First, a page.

The FCC has fined robocallers $208 million. It's collected $6,790.
America’s telecommunications watchdogs have levied hefty financial penalties against illegal robocallers and demanded that bad actors repay millions to their victims. But years later, little money has been collected.
Since 2015, the Federal Communications Commission has ordered violators of the Telephone Consumer Protection Act, a law governing telemarketing and robodialing, to pay $208.4 million. That sum includes so-called forfeiture orders in cases involving robocalling, Do Not Call Registry and telephone solicitation violations.
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So far, the government has collected $6,790 of that amount, according to records obtained by The Wall Street Journal through a Freedom of Information Act request.
The total amount of money secured by the Federal Trade Commission through court judgments in cases involving civil penalties for robocalls or National Do Not Call Registry-related violations, plus the sum requested for consumer redress in fraud-related cases, is $1.5 billion since 2004. It has collected $121 million of that total, said Ian Barlow, coordinator of the agency’s Do Not Call program, or about 8%. The agency operates the National Do Not Call Registry and regulates telemarketing.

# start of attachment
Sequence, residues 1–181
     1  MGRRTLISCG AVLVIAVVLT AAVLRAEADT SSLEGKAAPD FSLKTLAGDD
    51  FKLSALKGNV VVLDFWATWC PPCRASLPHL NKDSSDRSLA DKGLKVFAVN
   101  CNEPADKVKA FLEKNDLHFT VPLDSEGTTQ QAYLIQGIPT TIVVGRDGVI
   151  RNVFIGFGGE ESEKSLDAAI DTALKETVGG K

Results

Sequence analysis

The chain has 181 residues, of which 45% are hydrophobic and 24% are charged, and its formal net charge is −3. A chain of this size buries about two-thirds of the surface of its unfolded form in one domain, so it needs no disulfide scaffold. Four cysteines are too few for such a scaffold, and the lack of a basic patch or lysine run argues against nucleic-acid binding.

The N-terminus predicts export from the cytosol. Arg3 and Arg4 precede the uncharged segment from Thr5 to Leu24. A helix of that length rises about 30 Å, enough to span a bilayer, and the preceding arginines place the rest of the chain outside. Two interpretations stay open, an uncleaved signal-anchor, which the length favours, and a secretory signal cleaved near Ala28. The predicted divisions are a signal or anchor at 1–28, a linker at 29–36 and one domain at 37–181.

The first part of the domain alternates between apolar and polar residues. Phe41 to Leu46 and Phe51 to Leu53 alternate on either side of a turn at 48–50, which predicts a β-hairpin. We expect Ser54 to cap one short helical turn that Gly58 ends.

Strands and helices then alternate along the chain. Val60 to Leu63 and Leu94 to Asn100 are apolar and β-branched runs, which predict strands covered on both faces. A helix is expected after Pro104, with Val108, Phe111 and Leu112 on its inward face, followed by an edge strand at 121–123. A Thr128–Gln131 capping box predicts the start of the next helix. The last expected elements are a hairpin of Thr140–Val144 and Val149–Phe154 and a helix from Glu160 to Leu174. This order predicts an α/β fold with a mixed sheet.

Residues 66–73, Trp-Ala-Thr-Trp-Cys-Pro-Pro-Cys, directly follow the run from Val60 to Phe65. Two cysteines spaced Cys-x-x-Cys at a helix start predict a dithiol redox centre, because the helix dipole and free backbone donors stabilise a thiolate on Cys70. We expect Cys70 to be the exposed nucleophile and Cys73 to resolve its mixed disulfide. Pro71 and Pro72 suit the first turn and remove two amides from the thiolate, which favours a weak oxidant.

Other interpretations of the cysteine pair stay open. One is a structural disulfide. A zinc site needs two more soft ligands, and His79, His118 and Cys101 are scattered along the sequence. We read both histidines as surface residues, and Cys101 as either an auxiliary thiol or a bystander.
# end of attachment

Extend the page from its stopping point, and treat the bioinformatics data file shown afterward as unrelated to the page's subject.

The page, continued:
“That number stands on its own. We’re proud of it; we think our enforcement program is pretty strong,” Mr. Barlow said.
An FCC spokesman said his agency lacks the authority to enforce the forfeiture orders it issues and has passed all unpaid penalties to the Justice Department, which has the power to collect the fines. Many of the spoofers and robocallers the agency tries to punish are individuals and small operations, he added, which means they are at times unable to pay the full penalties.
“Fines serve to penalize bad conduct and deter future misconduct,” the FCC spokesman said. A spokeswoman for the Justice Department, which can settle or drop cases, declined to comment.
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The dearth of financial penalties collected by the U.S. government for violations of telemarketing and auto-dialing rules shows the limits the sister regulators face in putting a stop to illegal robocalls. It also shows why the threat of large fines can fail to deter bad actors.
“It’s great that we have these laws; it’s great that we have public enforcement, but because there are so many calls and so many callers, the public enforcement is a joke,” said Margot Saunders, senior counsel at consumer advocacy group National Consumer Law Center. “It doesn’t even make a dent.”
There were 26.3 billion unwanted robocalls made to U.S. mobile phones in 2018, by one measure from robocall-blocking app Hiya. Another company that offers such services, YouMail Inc., puts the number of unwanted and illegal robocalls made in the U.S. last year even higher, at nearly 48 billion.
Read more of this story at The Wall Street Journal, where it was first published.